Eden Financial’s Mark Harris is watching for a pre-US election dip and believes the Chinese equity market has potential to surprise on the upside.
How has your asset allocation changed over the past three months?
We started the new year bullish and have been suitably rewarded. Over the past month, we have started to raise cash in the CF Eden Global Multi Strategy fund on worries that markets had got ahead of themselves, with sentiment extremely positive. The fund’s equity weighting is now at 35%, with 24% in alternatives, 26% in fixed interest and the balance in cash.
What have been your latest allocation calls?
Reducing risk has been our most recent theme. In the short term, if there is a setback in risk assets there is likely to be a rally in fixed income markets. However, we would look to sell on this, reducing investment grade exposure and potentially shorting gilts.
Where are you seeing opportunities from a valuation perspective?
I am optimistic about equity markets, but with some reservations. I want to buy. As the run has drawn on, though, prices have become slightly stretched. If the market corrects by 5% to 8%, I would see this as a buying opportunity.
One trigger could be a pre-US election dip in markets between now and the summer. Buying on the dips is sound advice, in particular increasing exposure to the US and emerging markets.
The fact that central banks are squarely behind risk assets across the globe for the foreseeable future supports this case.
In the UK, some retail names and mid-cap oils on a stock-specific basis look attractive. These have a stronger correlation to the oil price than the more diversified oil mega-caps, such as BP and Shell.
Mid and small caps in general look like they could accelerate from their sluggish performance of last year, as do emerging markets. Conditions resemble the market bounce in 2003 in some respects, and we could see a repeat of the positive performance of these areas. Valuations are generally supportive in emerging markets, especially Brazil.
Companies are sitting on cash piles. They have two basic options: buy or build. The former looks more likely, as it is quicker to buy a competitor and reap the rewards than build from scratch.
In the US, technology and healthcare remain attractive, with the former in the throes of a significant capex cycle and the latter looking promising for those companies able to deliver while controlling costs.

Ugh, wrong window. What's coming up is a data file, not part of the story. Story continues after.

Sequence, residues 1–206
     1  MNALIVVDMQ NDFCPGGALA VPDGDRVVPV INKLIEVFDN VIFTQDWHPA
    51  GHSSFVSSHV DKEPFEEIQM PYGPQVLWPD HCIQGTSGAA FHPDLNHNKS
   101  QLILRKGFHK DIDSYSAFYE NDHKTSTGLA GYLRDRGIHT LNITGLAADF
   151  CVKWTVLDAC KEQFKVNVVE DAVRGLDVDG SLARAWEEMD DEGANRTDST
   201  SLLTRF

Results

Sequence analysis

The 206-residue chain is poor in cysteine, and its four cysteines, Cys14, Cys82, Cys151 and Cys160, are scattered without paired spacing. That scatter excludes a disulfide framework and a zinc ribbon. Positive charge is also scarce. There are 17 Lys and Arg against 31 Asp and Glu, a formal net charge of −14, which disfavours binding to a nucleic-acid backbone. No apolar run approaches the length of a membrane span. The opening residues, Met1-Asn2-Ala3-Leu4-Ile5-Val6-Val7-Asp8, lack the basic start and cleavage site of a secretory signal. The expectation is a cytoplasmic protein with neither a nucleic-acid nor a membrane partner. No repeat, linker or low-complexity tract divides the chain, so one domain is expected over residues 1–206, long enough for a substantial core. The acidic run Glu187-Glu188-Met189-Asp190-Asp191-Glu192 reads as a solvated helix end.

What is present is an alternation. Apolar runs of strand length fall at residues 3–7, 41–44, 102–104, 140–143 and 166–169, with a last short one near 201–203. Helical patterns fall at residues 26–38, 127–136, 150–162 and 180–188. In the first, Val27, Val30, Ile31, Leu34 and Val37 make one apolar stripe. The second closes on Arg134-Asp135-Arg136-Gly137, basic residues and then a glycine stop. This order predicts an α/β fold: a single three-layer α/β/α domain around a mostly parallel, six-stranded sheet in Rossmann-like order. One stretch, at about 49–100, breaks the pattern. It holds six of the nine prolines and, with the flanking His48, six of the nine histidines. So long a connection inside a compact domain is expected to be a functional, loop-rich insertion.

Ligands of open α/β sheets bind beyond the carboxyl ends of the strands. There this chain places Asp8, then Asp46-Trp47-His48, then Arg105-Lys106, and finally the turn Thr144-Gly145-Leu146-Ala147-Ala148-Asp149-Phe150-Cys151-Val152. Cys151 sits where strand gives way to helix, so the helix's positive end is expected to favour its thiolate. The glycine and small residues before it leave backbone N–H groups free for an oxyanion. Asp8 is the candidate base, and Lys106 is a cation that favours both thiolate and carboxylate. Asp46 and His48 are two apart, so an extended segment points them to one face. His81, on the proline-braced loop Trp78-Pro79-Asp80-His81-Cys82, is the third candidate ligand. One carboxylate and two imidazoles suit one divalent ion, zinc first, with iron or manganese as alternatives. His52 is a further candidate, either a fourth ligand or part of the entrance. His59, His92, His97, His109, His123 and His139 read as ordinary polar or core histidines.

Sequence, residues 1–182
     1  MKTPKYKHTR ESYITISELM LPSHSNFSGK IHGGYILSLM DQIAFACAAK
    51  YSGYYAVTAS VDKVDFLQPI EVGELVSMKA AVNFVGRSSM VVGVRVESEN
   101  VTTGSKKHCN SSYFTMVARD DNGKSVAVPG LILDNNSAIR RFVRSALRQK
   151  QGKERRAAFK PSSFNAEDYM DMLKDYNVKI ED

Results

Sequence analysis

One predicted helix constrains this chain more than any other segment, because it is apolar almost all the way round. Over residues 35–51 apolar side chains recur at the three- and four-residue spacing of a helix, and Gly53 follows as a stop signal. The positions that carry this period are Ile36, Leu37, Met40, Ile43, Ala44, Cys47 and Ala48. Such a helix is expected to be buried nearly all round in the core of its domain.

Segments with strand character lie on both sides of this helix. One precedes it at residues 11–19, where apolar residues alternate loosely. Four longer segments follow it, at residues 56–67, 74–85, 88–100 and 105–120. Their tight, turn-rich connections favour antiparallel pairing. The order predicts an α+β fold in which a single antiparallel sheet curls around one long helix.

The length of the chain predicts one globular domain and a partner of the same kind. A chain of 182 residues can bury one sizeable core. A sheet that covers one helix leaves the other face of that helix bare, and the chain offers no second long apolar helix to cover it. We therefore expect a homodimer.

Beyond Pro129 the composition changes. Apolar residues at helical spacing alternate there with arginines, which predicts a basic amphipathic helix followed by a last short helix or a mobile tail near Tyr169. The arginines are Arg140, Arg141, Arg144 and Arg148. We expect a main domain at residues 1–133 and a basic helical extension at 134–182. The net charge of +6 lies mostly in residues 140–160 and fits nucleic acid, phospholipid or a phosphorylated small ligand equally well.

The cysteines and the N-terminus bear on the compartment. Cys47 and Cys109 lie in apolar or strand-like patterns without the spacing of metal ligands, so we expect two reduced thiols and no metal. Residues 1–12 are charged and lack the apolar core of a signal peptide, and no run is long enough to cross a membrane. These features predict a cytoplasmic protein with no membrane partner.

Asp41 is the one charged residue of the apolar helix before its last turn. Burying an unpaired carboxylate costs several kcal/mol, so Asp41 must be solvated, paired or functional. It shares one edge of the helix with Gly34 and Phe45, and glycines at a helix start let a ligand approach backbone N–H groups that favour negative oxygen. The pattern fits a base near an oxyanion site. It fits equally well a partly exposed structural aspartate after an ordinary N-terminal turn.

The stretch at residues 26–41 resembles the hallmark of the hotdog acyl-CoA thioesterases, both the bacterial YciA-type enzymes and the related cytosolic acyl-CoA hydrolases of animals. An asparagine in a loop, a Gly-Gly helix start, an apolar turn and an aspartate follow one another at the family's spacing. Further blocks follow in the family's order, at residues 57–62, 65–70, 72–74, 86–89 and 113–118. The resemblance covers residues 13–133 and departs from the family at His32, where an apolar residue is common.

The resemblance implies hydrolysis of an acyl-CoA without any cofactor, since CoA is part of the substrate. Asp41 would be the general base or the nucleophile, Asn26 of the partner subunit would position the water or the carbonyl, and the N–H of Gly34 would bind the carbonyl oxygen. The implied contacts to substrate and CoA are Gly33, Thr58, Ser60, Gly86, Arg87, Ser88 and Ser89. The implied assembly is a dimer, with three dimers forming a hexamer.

Where could a potential surprise on the upside come from?
If investors gain confidence the Chinese authorities can take a more proactive stance in engineering a soft landing, without further troubling outfall from the property market, then Chinese equities could provide a major surprise to the upside. Sentiment is negative, valuations are cheap and earnings are picking up. These are all the ingredients for a major surprise in equity return.
What is your current gilt exposure and how do you expect this to change over the coming year?
Quantitative easing has created what is in effect a government bond bubble. This is probably the market to avoid, and the very recent sell-offs in gilts, bunds and US Treasuries may indicate a reversal from last year’s relative outperformance. I favour zero exposure, and would short gilts and US Treasuries on any strength.
What technical indicator are you currently watching most closely?
This is an easy one – sentiment and positioning. We’re keeping a weather eye on sentiment indicators, including put-call ratios together with speculators’ positioning in the futures markets, across equities, bonds, commodities and FX markets.
What do you view as the potential black swans for 2012?
A true black swan is, by definition, unpredictable – perhaps a Monica Lewinsky-style scandal in a US Presidential candidate’s personal life?
There are geo-political risks from Iran, which could lead to an extreme oil price spike. This in turn leading the world economy into a recession and all risk assets suffering large falls. The US recovery could gain real traction and surprise on the upside, with employment and house price gains rapidly pushing up consumer confidence and consumption. This creates a marked increase in inflationary expectations leading the Fed to renege on its commitment to keep interest rates low until 2014.
Mark Harris joined Eden in September 2011 as multi-strategy fund manager, helping develop Eden’s client-focused, multi-asset product range. He now co-manages the CF Eden Global Multi-Strategy fund. Harris was head of fund of Funds at New Star Asset Management and subsequently at Henderson Global Investors. He personally managed eight award-winning funds, totalling £800 million (of the £2 billion managed by his overall team), encompassing a range of low- to high-risk mandates.